Regional Politics

Donald Trump Jr. will be making his second visit to Montana today, hitting the campaign trail with Greg Gianforte for a series of rallies across Montana. Gianforte is the Republican candidate vying for Montana’s U.S. House seat in the May 25 special election.

Yesterday I spoke with the Republican candidate for Montana's US House seat, Greg Gianforte.

ERIC WHITNEY: When we last talked to you about the House healthcare bill, last Thursday, that was the day the House passed the bill, at the time you told us you need a little more time to study it before you could say whether you would have voted for it. So, would you have voted for the House bill?

The U.S. Senate could not muster enough votes Wednesday to undo rules designed to reduce methane pollution.

Senators voted 51-49 Wednesday against an attempt to eliminate an Obama-era rule to limit methane emissions from oil and gas production facilities on federal and tribal lands.

Before Rob Quist became a politician, or toured the country in a bluegrass band, he lived in Cut Bank, a rural Hi-line town near where the Rocky Mountains meet the eastern plains.

The young Quist lived on a ranch just north of the town with his family. Back then, Cut Bank was one of Montana’s big-time oil producers, Quist was his high school’s student body president, and he helped the Cut Bank Wolves win a state basketball championship, leading the team in scoring in the title game.

Republican House Candidate Greg Gianforte’s campaign is downplaying his comments about the House healthcare bill that were secretly recorded and leaked to the media.

The New York Times says the comments were taped Thursday, “during a private conference call with Republican-leaning lobbyists in Washington.”

(Flickr/Wolfran Burner)(https://flic.kr/p/niZoDm)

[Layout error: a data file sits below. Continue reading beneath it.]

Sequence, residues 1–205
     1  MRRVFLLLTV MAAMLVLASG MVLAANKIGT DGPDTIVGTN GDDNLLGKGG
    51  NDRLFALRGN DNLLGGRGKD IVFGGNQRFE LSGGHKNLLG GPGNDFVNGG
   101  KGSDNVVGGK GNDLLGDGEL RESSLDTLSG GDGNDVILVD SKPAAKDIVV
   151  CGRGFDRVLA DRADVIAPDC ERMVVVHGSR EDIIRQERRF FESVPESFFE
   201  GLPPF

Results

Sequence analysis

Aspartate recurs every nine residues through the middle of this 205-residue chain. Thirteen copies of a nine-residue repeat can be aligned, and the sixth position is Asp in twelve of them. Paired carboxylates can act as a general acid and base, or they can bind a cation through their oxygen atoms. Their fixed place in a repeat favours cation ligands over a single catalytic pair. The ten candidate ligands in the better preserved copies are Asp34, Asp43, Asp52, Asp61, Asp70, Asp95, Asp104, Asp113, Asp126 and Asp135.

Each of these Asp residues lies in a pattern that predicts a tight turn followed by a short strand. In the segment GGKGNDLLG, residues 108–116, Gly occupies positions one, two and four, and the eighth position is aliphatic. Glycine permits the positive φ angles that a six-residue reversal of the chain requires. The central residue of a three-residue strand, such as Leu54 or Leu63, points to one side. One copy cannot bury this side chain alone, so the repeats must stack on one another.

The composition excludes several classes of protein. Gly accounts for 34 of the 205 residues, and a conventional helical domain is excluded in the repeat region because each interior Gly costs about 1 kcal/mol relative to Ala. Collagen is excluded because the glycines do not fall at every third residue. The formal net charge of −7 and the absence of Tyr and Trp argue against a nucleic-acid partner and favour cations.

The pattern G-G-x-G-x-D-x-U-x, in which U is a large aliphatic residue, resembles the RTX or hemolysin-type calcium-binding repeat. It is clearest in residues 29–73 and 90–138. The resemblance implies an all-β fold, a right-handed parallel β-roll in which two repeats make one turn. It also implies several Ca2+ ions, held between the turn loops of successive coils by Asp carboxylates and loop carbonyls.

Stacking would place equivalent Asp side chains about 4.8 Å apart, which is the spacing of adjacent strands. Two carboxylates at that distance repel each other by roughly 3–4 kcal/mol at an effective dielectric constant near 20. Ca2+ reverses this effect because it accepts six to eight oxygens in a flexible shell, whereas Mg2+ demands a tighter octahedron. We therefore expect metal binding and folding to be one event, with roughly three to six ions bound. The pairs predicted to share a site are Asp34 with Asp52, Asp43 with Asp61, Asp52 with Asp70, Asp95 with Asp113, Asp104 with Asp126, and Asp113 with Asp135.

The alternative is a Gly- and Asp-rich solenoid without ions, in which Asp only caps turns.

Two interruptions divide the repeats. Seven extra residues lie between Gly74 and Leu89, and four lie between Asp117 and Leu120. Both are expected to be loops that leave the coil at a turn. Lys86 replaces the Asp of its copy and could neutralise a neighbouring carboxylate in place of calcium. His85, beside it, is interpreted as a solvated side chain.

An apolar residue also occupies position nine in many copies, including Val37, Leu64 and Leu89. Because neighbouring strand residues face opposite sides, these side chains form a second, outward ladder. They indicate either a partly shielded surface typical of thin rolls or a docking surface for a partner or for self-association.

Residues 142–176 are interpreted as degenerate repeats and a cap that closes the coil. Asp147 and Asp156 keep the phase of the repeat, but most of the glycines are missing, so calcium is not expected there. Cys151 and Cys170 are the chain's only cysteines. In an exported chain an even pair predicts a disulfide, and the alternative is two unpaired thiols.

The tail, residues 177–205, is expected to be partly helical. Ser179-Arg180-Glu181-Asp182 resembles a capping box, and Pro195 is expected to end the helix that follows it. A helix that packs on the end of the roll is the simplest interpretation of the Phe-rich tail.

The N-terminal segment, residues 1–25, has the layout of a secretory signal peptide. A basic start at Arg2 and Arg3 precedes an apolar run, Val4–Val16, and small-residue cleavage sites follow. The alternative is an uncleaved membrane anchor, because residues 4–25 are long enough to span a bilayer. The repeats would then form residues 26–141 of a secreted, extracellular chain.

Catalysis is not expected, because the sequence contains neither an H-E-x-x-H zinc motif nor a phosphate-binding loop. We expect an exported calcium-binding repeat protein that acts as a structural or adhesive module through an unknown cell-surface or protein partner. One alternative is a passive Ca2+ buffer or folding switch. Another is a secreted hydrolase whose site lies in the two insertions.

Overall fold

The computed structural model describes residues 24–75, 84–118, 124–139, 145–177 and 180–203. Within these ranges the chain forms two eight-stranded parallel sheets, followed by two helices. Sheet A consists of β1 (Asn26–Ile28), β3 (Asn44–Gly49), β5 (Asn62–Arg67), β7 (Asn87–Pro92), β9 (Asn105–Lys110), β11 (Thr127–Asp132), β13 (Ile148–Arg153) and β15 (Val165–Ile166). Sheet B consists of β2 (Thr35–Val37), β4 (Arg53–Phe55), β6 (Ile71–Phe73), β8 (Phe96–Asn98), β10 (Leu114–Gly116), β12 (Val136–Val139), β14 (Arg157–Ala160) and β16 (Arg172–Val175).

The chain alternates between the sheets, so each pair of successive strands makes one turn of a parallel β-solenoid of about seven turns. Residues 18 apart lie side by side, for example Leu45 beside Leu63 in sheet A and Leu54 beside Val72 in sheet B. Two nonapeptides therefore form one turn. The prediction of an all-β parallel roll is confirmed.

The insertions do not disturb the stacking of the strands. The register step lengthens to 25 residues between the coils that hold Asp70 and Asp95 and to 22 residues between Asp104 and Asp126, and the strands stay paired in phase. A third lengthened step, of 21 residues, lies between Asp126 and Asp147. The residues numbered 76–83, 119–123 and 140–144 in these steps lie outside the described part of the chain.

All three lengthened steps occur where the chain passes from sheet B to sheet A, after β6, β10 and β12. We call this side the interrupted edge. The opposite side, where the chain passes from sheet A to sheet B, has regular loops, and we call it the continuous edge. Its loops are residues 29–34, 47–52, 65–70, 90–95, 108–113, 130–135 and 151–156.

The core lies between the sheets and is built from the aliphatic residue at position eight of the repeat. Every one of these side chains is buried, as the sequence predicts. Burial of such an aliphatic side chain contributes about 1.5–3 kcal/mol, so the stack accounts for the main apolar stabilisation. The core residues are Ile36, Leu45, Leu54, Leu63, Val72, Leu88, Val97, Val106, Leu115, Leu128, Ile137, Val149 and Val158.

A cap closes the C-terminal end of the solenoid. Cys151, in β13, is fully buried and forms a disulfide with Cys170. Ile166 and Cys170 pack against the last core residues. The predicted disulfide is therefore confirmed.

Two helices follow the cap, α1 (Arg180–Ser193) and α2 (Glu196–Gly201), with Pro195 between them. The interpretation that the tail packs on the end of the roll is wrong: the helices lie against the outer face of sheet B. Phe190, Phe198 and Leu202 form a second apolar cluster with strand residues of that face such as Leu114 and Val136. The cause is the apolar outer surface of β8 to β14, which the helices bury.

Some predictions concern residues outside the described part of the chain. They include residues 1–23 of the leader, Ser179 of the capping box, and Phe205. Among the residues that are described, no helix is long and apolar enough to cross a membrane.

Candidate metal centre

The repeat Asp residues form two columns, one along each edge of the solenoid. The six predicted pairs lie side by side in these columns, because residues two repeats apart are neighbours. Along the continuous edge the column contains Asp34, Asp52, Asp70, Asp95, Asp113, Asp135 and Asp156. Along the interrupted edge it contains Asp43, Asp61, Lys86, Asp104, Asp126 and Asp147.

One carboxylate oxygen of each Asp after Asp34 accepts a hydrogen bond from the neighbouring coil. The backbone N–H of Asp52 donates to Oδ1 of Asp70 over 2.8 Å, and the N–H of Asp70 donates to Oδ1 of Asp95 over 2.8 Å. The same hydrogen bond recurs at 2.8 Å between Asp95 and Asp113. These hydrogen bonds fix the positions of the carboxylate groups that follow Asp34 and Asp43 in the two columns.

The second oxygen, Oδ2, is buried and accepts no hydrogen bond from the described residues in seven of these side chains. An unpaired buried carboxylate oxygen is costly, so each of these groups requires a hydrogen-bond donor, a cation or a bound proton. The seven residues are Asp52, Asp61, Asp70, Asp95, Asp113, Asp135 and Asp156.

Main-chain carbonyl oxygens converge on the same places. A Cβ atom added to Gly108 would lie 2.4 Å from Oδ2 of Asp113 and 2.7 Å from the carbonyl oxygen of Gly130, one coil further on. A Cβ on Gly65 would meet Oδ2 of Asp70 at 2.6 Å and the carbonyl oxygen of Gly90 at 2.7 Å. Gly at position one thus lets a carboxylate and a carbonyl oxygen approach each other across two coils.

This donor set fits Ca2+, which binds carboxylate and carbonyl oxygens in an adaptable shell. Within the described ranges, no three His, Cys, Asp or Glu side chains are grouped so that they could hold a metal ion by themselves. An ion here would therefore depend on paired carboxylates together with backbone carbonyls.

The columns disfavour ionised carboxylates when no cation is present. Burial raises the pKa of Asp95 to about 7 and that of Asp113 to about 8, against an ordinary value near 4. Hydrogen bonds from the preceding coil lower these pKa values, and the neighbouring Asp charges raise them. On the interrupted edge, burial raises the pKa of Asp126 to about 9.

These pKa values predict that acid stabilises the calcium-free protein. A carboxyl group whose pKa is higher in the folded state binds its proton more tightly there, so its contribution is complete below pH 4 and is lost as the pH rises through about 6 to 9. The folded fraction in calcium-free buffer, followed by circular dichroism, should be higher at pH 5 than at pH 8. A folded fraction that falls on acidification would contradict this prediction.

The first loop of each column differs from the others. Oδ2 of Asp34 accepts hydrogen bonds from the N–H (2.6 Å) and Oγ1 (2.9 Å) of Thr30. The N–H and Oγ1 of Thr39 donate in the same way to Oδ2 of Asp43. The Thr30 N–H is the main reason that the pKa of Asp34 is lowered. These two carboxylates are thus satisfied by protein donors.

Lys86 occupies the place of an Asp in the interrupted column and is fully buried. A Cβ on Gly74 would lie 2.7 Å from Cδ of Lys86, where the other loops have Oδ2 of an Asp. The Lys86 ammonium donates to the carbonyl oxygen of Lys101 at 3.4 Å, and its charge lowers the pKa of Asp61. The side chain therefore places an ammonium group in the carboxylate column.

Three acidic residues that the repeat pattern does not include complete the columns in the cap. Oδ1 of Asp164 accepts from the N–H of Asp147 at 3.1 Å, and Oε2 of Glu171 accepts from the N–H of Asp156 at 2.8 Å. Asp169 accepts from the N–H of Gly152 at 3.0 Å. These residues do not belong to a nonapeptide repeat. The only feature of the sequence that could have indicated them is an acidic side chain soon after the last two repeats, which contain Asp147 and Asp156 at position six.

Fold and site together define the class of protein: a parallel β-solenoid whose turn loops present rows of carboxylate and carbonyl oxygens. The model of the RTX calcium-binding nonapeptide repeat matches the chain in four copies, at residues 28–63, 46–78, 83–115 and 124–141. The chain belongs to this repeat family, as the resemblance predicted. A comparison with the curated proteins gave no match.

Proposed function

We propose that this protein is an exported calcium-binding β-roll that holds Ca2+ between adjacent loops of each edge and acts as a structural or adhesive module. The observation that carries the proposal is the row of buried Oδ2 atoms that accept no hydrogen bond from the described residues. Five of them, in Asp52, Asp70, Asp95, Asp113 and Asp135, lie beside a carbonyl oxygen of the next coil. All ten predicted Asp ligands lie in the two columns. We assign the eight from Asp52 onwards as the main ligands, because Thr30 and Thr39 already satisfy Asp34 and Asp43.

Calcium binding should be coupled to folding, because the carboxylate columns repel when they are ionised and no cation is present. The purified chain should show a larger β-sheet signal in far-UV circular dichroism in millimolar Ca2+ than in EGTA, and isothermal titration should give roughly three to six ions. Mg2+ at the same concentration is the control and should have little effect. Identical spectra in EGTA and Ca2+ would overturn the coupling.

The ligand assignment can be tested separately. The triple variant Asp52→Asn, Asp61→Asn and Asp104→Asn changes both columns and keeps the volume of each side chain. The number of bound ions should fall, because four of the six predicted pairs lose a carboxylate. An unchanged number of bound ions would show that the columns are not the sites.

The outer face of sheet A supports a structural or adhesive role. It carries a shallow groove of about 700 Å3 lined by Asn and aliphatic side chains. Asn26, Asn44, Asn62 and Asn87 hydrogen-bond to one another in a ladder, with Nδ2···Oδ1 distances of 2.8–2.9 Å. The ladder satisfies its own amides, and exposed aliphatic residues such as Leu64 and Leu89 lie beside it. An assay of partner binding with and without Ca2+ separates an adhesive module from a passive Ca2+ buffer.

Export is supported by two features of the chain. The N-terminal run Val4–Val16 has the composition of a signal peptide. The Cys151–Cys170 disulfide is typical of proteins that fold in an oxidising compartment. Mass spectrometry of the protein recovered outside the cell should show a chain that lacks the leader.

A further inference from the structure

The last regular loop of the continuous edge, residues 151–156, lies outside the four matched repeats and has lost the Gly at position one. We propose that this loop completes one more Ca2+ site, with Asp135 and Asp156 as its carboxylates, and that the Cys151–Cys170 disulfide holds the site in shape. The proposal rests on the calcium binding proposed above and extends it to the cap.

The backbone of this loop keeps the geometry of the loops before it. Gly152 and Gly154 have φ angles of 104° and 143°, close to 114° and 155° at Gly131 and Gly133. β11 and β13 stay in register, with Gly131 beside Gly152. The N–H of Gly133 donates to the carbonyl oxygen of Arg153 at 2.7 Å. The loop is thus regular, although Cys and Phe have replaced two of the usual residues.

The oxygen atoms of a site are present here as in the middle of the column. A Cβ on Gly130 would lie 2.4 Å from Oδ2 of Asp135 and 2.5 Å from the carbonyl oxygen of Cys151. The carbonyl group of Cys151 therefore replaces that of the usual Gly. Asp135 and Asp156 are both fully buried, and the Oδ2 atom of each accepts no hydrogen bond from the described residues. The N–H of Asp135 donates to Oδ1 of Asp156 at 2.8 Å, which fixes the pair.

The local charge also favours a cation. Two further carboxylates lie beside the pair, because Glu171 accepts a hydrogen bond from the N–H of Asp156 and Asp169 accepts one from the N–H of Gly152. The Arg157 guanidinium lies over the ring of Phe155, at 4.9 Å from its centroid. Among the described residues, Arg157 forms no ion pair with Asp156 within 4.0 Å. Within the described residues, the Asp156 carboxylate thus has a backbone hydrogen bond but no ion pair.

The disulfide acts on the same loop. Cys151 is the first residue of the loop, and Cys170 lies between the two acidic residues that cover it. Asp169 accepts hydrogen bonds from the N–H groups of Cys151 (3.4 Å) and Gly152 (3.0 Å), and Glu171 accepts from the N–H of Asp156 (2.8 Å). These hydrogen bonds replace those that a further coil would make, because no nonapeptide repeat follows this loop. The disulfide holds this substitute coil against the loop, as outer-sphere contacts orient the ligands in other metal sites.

Governor Steve Bullock signed into law a bill that updates Montana’s sexual assault laws by revising the definition of consent.


Montana’s been without a permanent U.S. Attorney for almost two straight months. Back on March 10, President Donald Trump fired all 46 of the country’s remaining U.S. Attorneys who had been appointed by Barack Obama.

Montana’s Mike Cotter was one of them.

Courtesy Sen. Steve Daines
Courtesy Sen. Steve Daines

U.S. Justice Department data shows Native women are 10 times as likely to be murdered as other Americans. They’re four times as likely to be raped or sexually assaulted. Yellowstone Public Radio's Brie Ripley and Montana Public Radio's Edward O'Brien report. 

Twenty-one days before Montana selects its next U.S. Congressman, the Republican candidate stood among a crowd of more than 100 Christians in a small park in Great Falls, joining a national plea to God.

This gathering outside the civic center downtown is a local observance of the National Day of Prayer. It’s been an annual event since the 1950s, when Congress made a law that the president would set aside a day each year for prayer.

Montana didn’t have a vote on the healthcare bill that passed the U.S. House today. The state’s seat has been vacant since Ryan Zinke resigned it in March to become interior secretary.

Today the Greg Gianforte, Republican candidate to replace Zinke, talked to Montana Public Radio about the bill.

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